Formerly the British protectorate of Bechuanaland, Botswana adopted its new name upon independence in 1966. Four decades of uninterrupted civilian leadership, progressive social policies, and significant capital investment have created one of the most dynamic economies in Africa. Mineral extraction, principally diamond mining, dominates economic activity, though tourism is a growing sector due to the country’s conservation practices and extensive nature preserves. Botswana has one of the world’s highest known rates of HIV/AIDS infection, but also one of Africa’s most progressive and comprehensive programs for dealing with the disease.
Nationality: Motswana (singular), Batswana (plural)
Ethnic Groups: Tswana (or Setswana) 79%, Kalanga 11%, Basarwa 3%, other, including Kgalagadi and white 7%
Religions: Christian 71.6%, Badimo 6%, other 1.4%, unspecified 0.4%, none 20.6% (2001 census)
Languages: Setswana 78.2%, Kalanga 7.9%, Sekgalagadi 2.8%, English 2.1% (official), other 8.6%, unspecified 0.4% (2001 census)
Location: Southern Africa, north of South Africa
Area – comparative: slightly smaller than Texas
Climate: semiarid; warm winters and hot summers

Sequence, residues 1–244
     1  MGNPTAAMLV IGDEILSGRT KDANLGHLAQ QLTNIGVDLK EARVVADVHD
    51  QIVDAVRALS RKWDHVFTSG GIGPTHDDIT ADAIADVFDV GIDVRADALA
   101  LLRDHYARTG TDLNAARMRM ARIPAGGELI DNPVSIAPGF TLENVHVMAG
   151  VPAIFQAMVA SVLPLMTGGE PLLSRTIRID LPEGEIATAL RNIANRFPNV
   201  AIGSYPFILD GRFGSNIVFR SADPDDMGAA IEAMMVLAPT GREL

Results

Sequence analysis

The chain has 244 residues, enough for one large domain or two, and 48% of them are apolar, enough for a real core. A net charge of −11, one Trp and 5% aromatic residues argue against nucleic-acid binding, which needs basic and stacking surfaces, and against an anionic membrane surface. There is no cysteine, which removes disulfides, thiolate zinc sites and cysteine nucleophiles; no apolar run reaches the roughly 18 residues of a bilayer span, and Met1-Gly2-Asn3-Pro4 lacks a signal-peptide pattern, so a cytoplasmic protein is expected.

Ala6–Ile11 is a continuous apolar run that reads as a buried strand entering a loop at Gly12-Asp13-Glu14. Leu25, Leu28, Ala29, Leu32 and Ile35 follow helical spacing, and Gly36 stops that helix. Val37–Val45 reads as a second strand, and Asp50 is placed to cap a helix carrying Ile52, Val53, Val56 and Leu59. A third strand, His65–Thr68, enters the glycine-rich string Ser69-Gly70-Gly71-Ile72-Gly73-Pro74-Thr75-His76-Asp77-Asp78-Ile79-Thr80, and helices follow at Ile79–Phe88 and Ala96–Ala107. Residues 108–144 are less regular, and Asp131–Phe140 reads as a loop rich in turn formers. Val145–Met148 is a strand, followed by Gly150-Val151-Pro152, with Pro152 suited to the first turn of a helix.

Natural Resources: diamonds, copper, nickel, salt, soda ash, potash, coal, iron ore, silver
Government Type: parliamentary republic
Chief of State and Head of Government: President Seretse Khama Ian KHAMA (since April 1, 2008)
Botswana has maintained one of the world’s highest economic growth rates since independence in 1966, though growth fell below 5% in 2007-08, and turned sharply negative in 2009, with industry falling nearly 30%. Through fiscal discipline and sound management, Botswana transformed itself from one of the poorest countries in the world to a middle-income country with a per capita GDP of $13,100 in 2010. Two major investment services rank Botswana as the best credit risk in Africa. Diamond mining has fueled much of the expansion and currently accounts for more than one-third of GDP, 70-80% of export earnings, and about half of the government’s revenues. Botswana’s heavy reliance on a single luxury export was a critical factor in the sharp economic contraction of 2009. Tourism, financial services, subsistence farming, and cattle raising are other key sectors. Although unemployment was 7.5% in 2007 according to official reports, unofficial estimates place it closer to 40%. The prevalence of HIV/AIDS is second highest in the world and threatens Botswana’s impressive economic gains. An expected leveling off in diamond mining production within the next two decades overshadows long-term prospects.
Information courtesy of the CIA. For more info on Botswana, please visit: https://www.cia.gov/library/publications/the-world-factbook/geos/bc.html.